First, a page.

RBI governor Urjit Patel will make yet another appearance before a parliamentary panel on finance on Tuesday where he will have to explain and field queries about demonetisation and its perceived intended benefits. Since 99.3 per cent of the demonetised currencies have returned to the central bank, he might also have to opine if the drive can be termed successful in curbing black money and formalising the economy.
Patel will also face questions on his home turf, the Reserve Bank of India. The parliamentary panel led by senior Congress leader Verrappa Moily will seek his response on the central bank’s recent differences with the government over mainly two topics, that is, if governance reforms are long due at RBI and if the central bank is so over-capitalised that it needs to part reserves with the government. If so, how to decide on the quantum of this surplus, if a new and less stringent method of calculation is required.
Sources said since the governor is meeting the panel amidst these high decibel topics, it is natural that the committee members would like to hear from the governor his side of the narrative directly.
The parliament panel —which includes Manmohan Singh, a former prime minister, finance minister and RBI governor — will put pertinent questions to the governor to know the exact position of the central bank on these issues. Singh had recently said that the relations between the finance ministry and the RBI had hit a low. He has also been a strong and vocal critic of demonetisation.
The RBI had, in its annual report, said that demonetised currency amounting to Rs 15.3 lakh crore had returned to banks, which was over 99 per cent of the demonetised currency in total.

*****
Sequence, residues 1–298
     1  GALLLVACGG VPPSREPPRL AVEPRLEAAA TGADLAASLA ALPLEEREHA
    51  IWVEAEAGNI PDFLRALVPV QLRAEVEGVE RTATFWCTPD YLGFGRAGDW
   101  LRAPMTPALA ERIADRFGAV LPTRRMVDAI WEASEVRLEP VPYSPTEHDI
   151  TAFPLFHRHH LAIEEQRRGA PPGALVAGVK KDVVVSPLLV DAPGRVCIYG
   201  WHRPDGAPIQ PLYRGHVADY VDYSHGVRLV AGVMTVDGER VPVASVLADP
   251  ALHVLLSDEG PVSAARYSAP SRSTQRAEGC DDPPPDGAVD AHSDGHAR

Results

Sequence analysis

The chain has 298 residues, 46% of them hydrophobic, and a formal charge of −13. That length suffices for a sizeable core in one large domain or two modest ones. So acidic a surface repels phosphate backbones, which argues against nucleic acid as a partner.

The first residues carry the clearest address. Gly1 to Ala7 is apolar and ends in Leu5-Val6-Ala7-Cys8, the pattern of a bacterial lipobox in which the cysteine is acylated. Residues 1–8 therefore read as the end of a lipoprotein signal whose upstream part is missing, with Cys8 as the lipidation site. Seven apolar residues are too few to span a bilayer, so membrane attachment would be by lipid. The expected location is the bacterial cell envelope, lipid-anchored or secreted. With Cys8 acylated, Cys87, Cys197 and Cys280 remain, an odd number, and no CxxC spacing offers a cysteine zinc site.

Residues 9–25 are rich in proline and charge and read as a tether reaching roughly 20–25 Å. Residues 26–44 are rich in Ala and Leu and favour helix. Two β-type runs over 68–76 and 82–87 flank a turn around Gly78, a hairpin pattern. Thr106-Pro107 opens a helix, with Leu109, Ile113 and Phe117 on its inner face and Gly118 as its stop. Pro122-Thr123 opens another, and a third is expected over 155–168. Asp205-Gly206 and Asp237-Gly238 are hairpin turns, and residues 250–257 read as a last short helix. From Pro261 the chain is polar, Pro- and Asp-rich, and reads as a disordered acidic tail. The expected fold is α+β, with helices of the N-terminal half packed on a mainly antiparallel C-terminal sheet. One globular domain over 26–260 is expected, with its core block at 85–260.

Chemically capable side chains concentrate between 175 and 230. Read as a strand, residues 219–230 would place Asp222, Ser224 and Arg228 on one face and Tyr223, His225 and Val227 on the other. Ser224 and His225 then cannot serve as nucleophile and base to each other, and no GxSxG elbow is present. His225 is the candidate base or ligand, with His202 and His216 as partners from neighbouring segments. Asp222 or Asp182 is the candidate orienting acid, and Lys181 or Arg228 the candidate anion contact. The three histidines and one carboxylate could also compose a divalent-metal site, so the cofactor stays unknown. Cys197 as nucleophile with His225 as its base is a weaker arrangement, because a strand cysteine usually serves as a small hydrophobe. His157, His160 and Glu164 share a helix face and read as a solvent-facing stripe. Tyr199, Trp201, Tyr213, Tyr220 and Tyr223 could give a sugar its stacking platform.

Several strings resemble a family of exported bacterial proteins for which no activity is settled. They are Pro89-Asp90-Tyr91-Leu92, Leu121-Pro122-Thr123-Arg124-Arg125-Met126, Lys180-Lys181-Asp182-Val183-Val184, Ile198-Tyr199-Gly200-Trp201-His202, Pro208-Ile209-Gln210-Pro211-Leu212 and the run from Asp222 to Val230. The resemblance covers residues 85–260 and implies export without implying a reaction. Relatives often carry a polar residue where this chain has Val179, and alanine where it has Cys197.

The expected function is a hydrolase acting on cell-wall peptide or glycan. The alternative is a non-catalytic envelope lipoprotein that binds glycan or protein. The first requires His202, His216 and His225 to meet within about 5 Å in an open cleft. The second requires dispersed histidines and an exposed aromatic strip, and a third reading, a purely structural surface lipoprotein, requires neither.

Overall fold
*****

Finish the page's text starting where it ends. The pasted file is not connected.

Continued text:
The 31-member Parliamentary Standing Committee on Finance will also take up various other issues apart from the stand-off with the government on issues like NPA status of the banks, if the surge of NPAs could be arrested following IBC resolutions and PCA restrictions aimed at checking the bad asset quality, and the state of the Indian economy in general.
The RBI governor is expected to brief the panel on the state of the economy vis-a-vis growth numbers, inflation forecast and its current range, reforms in the central bank governance that have given government and external and independent directors a greater voice on the board, PCA banks corrective measures and the results thereof, the global norms on central bank reserves sharing and of course demonetisation, one of the panel members told FC.
Patel’s version on greater role for government in the decision-making process is keenly awaited by the lawmakers, as this is likely to clash with the autonomy and freedom of RBI.
The committee has been deliberating on the demonetisation issue for almost two years after its announcement on November 8, 2016.